Lewes History Group: Bulletin 46, May 2014

Please note: this Bulletin is being put on the website one month after publication. If you would like to receive the Bulletin by email as soon as it is published, please contact the Membership Secretary about joining the Lewes History Group, and to renew your membership at the start of the calendar year.

1.   Next Meeting, Monday 12 May: Helen Chiasson & Kate Hickmott
2.   The Priory Gate
3. A burglary in the Cliffe; the 42nd Regiment loses a soldier
4.
The 42nd Regiment of Foot
5.   Lewes Corporation Employees’ Hours (by Hilary Smith)
6.  
The Chapel Hill Street Story
7.   Landslide on Cliffe Hill
8.   Death of a coachman (by Ivor Williams)
9.  Letter from the Crimea
10. Buildings at Risk: Can you help? (by Marcus Taylor)

 

1. Next Meeting                 7.00 p.m. for 7.30 p.m.                      Monday 12 May

Helen Chiasson & Kate Hickmott: Feasting, Fighting & Freedom: a view from Lewes Priory

Helen Chiasson and Kate Hickmott, Education Officers for Lewes Priory Trust, will talk about how the Priory of St Pancras developed to be important enough to host the King and his army during the Battle of Lewes and the role the Priory played in the Battle and its aftermath.

As usual the meeting will be at the King’s Church building, Brooks Road, and all will be welcome. We shall be serving coffee and biscuits prior to the meeting.

 

2.   The Priory Gate

Lewes_Priory_Gate_by_Mantell_1809

This picture of the Priory Gate on Southover High Street was by Mantell in 1809, and comes from the Lewes Priory Trust website, by permission from the Sussex Archaeological Society. This is a fascinating website, well worth a visit.


3.   A burglary in the Cliffe; the 42nd Regiment loses a soldier

“Last Thursday evening Mr Cook, grocer in the Cliffe, discovered that the till in his shop had been robbed of bank notes, amounting to £15, and some papers, which he could swear to, and which he soon traced to the possession of Michael Ury, a private in the 42nd Regiment, who was in consequence taken into custody, and the next day examined before a magistrate, who committed him to our House of Correction for further examination.”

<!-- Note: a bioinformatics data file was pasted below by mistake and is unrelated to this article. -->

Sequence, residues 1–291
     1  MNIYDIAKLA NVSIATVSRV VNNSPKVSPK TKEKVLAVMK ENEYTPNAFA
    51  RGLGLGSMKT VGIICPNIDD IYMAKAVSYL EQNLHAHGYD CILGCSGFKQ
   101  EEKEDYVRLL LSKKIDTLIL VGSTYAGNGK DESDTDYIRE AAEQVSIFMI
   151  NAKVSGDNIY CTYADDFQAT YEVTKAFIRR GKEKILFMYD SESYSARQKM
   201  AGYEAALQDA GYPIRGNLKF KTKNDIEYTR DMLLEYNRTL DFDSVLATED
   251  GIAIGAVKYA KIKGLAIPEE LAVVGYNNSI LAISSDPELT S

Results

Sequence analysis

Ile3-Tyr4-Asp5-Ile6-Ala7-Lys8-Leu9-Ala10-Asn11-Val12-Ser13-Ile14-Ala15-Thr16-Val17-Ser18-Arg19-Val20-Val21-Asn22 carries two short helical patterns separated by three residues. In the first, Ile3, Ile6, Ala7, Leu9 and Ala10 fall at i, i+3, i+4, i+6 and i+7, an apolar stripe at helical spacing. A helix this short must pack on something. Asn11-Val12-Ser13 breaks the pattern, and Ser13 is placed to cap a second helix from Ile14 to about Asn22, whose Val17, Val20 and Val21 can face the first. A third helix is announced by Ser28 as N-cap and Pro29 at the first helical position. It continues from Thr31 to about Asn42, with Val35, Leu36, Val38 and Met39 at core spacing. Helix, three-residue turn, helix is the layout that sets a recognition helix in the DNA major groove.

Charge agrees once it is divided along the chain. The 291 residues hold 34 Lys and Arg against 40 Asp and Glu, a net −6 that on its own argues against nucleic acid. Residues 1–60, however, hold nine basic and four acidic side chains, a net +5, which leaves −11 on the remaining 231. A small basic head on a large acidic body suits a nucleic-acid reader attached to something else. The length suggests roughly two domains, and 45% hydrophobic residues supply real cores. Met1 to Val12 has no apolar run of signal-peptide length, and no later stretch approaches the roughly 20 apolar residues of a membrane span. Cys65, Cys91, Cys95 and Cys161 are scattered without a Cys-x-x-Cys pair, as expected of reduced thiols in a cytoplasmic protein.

Source: 7 October 1811 Sussex Weekly Advertiser

 

4. The 42nd Regiment of Foot

This regiment, with the secondary name of the Royal Highland, was re-formed in Edinburgh in 1803, as part of the army to fight Napoleon. It sailed from Plymouth to Gibraltar in October 1804 and remained part of the garrison there until August 1808. It then joined the Peninsula army in time to participate in the retreat to Corunna. In 1809 it sailed back to Portsmouth, and spent a period in Shorncliffe barracks, Kent, and was stationed at Walcheren in the Netherlands, Dover and Canterbury before returning to Musselburgh, just east of Edinburgh, in July 1810.

In August 1811 it was moved to England, and was stationed in Lewes, Hailsham, Eastbourne and then Lewes again, before in April 1812 sailing from Portsmouth back to the Peninsula to join Wellington’s Army. Its battle honours included Salamanca and Vittoria, before moving with the Peninsula army through southern France to Bordeaux. It then sailed to Ireland in June 1814, being stationed at Cork, Dundalk and Kilkenny, where it was reinforced. In May 1815 it was sent to Brussels, where it was engaged at Quatre Bras and Waterloo, before entering Paris as part of the Army of Occupation. It returned home in December 1815.

Such a regiment would carry, even when serving abroad, a tail of wives and families to provide the services their menfolk needed. One can see that such a man would have very different tales to tell. A Lewes girl who fell for a red coat might have a rather more adventurous life than her stay-at-home sisters. If at any point she decided not to venture onwards with the Regiment, she and her children would be ‘sent home’ to her husband’s parish of legal settlement – and before the Regiment moved on the Lewes parish officers would need to enquire diligently just where that might be.

Source: “British Regiments and the men who led them”: napoleon-series.org.


5. Lewes Corporation Employees’ Hours                              (by Hilary Smith)

Source: 6 June 1919 Sussex Express

Councillor T. Patrick told the Town Council on Wednesday that the Borough Surveyor attended an important conference in London on May 28th, with reference to the working hours of municipal employees. The Council had reduced the hours of their men from 56½ to 50 hours a week. The recommendations of this conference were somewhat below that.